The disregard for important protections for women immigrants was only highlighted by recent ugly squabbles around reauthorization of the Violence against Women Act. The ultimate passage of VAWA—after protracted battle and high-profile failures—was secured only after eliminating a tiny expansion of the number of visas for immigrant women to come forward and report domestic violence without fear of retribution. It is more essential than ever that this round of immigration reform restore the U.S. history of providing a haven for immigrants who are victims of domestic violence, as well as ensuring protections for pregnant women, asylees and refugees, abused women and unaccompanied minors.
5. Protect families and ensure due process.
Too many women and children unfairly bear the brunt of detention and deportation. As a Colorlines investigation uncovered, 23 percent of all deportations in a two-year period were issued for parents with U.S. citizen children. The stunning number of deportations taking place each year—over 400,000 in 2012 alone—have left tens of thousands of families destroyed and torn apart by outdated laws that punish aspiring Americans. Women, in particular, as primary caregivers are deeply affected. California Rep. Lucille Roybal-Allard has proposed a fix to this, offering a bill that could be integrated into immigration reform legislation. The bill would provide protections for deported parents and for undocumented family members who care for young relatives.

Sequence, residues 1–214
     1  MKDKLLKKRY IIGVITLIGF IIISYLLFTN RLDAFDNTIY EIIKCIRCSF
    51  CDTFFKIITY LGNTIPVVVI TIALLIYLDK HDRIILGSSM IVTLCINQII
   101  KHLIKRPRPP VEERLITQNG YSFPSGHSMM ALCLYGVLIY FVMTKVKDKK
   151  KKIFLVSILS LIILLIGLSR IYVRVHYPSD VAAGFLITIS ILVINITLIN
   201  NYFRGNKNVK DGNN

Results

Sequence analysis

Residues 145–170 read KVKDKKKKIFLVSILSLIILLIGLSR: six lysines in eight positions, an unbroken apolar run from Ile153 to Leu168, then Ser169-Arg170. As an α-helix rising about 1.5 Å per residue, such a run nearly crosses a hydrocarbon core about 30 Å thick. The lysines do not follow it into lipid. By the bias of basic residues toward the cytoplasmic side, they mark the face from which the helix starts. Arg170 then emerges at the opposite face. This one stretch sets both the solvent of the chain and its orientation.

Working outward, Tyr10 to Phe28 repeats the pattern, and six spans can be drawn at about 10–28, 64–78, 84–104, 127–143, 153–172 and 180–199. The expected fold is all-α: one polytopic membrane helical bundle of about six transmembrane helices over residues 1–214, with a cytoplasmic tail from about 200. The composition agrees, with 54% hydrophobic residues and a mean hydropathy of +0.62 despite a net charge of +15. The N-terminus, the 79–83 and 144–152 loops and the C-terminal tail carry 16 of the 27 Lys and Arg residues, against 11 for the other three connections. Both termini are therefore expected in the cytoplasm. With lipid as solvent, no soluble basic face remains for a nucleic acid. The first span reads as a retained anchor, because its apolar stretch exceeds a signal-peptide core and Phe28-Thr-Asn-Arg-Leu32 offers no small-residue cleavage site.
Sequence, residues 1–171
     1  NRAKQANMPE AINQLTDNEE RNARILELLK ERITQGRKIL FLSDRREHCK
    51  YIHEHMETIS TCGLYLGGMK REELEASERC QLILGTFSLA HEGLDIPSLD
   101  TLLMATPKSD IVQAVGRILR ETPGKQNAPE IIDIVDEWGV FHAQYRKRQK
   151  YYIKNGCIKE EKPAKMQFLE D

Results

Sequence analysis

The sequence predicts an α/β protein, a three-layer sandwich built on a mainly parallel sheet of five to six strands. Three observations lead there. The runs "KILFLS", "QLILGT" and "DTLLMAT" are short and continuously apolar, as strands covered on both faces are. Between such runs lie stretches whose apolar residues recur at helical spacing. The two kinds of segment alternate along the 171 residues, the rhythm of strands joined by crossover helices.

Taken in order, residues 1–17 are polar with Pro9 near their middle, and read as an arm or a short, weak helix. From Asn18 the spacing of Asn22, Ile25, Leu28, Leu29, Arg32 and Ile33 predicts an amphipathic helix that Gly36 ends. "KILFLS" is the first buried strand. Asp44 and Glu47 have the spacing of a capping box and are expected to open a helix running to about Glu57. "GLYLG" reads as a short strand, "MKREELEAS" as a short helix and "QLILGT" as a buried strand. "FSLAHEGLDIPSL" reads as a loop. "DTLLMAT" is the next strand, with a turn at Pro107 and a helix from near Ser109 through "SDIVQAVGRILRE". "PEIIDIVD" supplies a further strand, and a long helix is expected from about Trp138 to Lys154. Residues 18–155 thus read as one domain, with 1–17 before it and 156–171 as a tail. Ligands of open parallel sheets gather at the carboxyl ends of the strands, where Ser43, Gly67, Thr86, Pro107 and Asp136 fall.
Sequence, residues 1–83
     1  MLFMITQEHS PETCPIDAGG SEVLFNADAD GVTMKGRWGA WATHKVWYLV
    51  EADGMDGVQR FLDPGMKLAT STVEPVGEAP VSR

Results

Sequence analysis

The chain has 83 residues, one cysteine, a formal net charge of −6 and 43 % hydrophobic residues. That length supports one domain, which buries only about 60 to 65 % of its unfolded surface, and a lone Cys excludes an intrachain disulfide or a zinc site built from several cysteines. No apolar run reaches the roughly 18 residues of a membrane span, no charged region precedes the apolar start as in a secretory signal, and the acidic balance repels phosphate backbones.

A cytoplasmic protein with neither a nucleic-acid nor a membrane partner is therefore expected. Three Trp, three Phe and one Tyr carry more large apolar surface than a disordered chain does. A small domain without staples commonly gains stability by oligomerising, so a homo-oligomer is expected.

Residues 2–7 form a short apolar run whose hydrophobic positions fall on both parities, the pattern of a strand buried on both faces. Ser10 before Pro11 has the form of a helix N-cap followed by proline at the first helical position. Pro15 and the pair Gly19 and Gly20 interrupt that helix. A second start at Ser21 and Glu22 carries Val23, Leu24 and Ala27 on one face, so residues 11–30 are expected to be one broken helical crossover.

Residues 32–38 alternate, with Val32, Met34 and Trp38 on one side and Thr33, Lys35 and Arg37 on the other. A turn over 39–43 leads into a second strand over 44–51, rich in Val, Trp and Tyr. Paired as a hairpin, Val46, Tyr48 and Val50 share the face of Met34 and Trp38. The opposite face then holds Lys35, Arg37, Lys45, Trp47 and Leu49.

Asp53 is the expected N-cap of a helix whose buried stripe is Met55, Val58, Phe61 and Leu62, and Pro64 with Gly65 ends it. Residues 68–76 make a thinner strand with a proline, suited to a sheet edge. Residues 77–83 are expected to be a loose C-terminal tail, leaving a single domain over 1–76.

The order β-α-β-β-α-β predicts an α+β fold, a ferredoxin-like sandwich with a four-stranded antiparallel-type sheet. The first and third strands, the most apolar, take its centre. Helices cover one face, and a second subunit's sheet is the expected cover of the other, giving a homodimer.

6. Promote the ability for women to fully integrate into society.
Approximately 10 million immigrant women speak limited English and need help from the federal government to learn our language and laws and ensure they can contribute their skills fully. English classes that currently exist often exclude women because they are tied to workforce training, take place at community colleges that require a basic level of English to enroll, or are held at times that are impossible for people who are caretakers to leave their homes and family responsibilities. Immigration reform legislation that includes an English language requirement without addressing these issues will leave millions of women at a severe disadvantage for the future.
bell hooks described feminism once as “a movement to end sexist oppression.” By this measure, immigration reform offers a powerful moment for women to ensure their voices and priorities are at the forefront. If that happens, U.S. immigration policy can start working for women, rather than against them.